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CDC: U.S. infant vaccination rates high yet unvaccinated remain vulnerable

BY Antoinette Alexander

WASHINGTON — The vast majority of parents are making sure that their children get vaccinated against potentially serious diseases, according to data from CDC’s "2013 National Immunization Survey (NIS) – Children (19-35 months)" recently published in the Morbidity and Mortality Weekly Report. However, while vaccination coverage increased or remained stable for all routinely recommended childhood vaccines in 2013, coverage varied by state, and low coverage levels can leave states and communities vulnerable to outbreaks of potentially serious vaccine preventable diseases.



In 2013, vaccination coverage increased or remained stable for all routinely recommended childhood vaccines. Vaccination coverage remained more than 90% for the vaccines that prevent measles, mumps, and rubella; poliovirus; hepatitis B; and varicella. And it increased slightly for rotavirus vaccine, from 69% in 2012 to 73% in 2013, and for one or more doses of hepatitis A vaccine, from 82% in 2012 to 83% in 2013. Administration of the birth dose of hepatitis B rose from 72% to 74%.  The percentage of children who received no vaccines remained low, at less than 1% of children in 2013.



“I want to personally recognize the hard work of doctors and nurses coping with many challenges in the course of clinical work, and commend parents who, despite competing responsibilities, continue to prioritize immunization to keep their children healthy and safe,” stated Anne Schuchat, director of the National Center for Immunization and Respiratory Diseases. “These people are central in keeping young children healthy by ensuring they receive the recommended vaccines on schedule.”



While overall immunization rates remain high, state immunization programs, clinicians, and parents are still challenged in getting all the recommended doses during the second year of life, according to the report. There are three vaccine series that include a booster dose in the second year of life: the vaccines that prevent diphtheria, tetanus, and pertussis (DTaP); Haemophilus influenzae type b (Hib); and Pneumococcal disease (PCV).  Coverage of these boosters remained at similar levels in 2012 and 2013.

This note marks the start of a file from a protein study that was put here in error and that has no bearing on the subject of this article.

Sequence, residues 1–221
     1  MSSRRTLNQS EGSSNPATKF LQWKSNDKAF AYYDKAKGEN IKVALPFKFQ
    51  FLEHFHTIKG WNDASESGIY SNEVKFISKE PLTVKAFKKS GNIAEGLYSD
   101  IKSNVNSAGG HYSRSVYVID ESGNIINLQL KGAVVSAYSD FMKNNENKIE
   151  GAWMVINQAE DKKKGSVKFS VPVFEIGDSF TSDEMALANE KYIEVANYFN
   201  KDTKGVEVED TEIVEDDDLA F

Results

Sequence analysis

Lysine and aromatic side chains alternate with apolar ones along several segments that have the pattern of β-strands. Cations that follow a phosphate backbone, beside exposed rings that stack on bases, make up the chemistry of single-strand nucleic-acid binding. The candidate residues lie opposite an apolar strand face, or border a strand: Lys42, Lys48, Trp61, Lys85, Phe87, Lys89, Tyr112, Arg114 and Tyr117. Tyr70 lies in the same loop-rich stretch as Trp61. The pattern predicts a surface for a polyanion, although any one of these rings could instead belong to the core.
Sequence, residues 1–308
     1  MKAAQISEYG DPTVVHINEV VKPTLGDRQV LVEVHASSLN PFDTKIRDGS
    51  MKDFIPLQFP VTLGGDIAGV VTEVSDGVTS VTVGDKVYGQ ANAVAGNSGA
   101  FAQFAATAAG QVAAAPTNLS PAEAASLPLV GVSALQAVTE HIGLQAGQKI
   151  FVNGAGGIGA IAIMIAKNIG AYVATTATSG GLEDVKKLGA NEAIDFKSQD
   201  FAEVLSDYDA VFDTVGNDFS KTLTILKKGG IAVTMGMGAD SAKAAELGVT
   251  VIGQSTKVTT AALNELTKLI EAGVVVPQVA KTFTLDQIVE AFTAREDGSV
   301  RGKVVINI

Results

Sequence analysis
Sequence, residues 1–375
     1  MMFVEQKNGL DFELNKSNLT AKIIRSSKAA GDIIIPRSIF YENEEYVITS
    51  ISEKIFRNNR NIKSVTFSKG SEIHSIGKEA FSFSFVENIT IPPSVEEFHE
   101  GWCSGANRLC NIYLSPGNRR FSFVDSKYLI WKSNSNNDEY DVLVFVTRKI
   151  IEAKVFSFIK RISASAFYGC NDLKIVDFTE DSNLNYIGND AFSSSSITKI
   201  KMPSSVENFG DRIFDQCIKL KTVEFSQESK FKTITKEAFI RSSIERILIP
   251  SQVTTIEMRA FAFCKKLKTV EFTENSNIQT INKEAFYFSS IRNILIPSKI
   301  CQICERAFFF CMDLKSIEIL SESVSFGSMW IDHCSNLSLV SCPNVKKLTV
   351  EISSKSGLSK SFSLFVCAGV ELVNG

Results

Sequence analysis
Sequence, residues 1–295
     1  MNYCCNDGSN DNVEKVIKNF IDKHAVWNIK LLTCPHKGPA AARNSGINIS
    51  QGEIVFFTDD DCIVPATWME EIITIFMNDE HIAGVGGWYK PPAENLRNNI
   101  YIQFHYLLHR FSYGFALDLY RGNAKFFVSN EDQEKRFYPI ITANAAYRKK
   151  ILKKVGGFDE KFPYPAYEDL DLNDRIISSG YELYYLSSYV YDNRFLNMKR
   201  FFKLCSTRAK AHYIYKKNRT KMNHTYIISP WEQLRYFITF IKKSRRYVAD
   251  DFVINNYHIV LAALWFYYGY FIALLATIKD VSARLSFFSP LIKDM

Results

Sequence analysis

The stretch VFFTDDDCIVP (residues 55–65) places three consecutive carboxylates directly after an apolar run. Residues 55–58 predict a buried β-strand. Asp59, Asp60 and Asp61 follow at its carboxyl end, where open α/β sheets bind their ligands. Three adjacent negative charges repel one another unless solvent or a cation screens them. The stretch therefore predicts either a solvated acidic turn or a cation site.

There was lower coverage for these booster doses among children living in poverty, compared with children living at or above the poverty line. These children also had lower coverage with the vaccines for poliovirus, rotavirus, and the hepatitis B series.  In addition to the booster doses, coverage was lower for black children compared with white children for the vaccine that protects against rotavirus.

Immunization coverage also varied by state, both for individual vaccines and for the series measure, which provides a shorthand assessment of overall performance by looking at the completion of immunizations against 11 different diseases (four doses of DTaP, three doses of poliovirus vaccine, one dose of measles-containing vaccine, full series of Hib vaccine, three doses of Hep B vaccine, one dose of varicella vaccine, and four doses of PCV). In that series measure, the range was from 82% in Rhode Island to 57% in Arkansas. The most critical coverage variation was the 17 states that had less than 90% coverage with the MMR vaccine.



National coverage of children 19 months to 35 months old with at least one dose of the measles, mumps, and rubella (MMR) vaccine is 92%.  While seemingly high, 1-out-of-12 children did not receive their first dose of MMR vaccine on time, underscoring a sizeable proportion of children that remain susceptible, the report stated. As of Aug. 22, 592 measles cases had been preliminarily reported in the United States, the most cases of any year since 1994. Measles is most frequently brought to the United States by unvaccinated U.S. travelers returning from abroad, and it can spread quickly in communities with groups of unvaccinated and under-vaccinated people.